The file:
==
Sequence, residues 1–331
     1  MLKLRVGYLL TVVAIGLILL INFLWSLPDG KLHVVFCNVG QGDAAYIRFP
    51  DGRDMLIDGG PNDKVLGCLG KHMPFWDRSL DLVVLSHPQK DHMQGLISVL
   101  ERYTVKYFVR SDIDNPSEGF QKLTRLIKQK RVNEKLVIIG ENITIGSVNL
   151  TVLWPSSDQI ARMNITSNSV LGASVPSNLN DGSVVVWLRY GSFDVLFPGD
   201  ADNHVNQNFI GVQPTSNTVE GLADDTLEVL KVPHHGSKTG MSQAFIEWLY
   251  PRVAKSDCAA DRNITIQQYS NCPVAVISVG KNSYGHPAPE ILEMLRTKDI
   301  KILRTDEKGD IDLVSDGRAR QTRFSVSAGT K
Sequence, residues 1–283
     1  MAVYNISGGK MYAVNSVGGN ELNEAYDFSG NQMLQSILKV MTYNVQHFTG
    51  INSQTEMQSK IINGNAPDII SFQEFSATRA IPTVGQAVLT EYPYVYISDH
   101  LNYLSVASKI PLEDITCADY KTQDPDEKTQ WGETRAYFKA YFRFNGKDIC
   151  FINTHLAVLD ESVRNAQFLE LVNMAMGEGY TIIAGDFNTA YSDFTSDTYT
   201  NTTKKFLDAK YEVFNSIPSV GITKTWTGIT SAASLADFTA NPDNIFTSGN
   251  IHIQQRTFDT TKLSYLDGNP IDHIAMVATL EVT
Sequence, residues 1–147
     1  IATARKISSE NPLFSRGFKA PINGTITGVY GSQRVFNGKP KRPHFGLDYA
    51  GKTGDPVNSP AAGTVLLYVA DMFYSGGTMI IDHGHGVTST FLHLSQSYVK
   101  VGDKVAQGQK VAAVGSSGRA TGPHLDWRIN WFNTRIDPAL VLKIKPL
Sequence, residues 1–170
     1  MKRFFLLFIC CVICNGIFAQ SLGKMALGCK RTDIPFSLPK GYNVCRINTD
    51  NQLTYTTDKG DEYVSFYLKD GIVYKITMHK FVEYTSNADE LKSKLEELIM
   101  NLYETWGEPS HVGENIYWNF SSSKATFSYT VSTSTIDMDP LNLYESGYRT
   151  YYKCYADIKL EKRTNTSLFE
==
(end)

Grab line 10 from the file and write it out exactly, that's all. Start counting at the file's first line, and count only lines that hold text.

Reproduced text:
     1  MAVYNISGGK MYAVNSVGGN ELNEAYDFSG NQMLQSILKV MTYNVQHFTG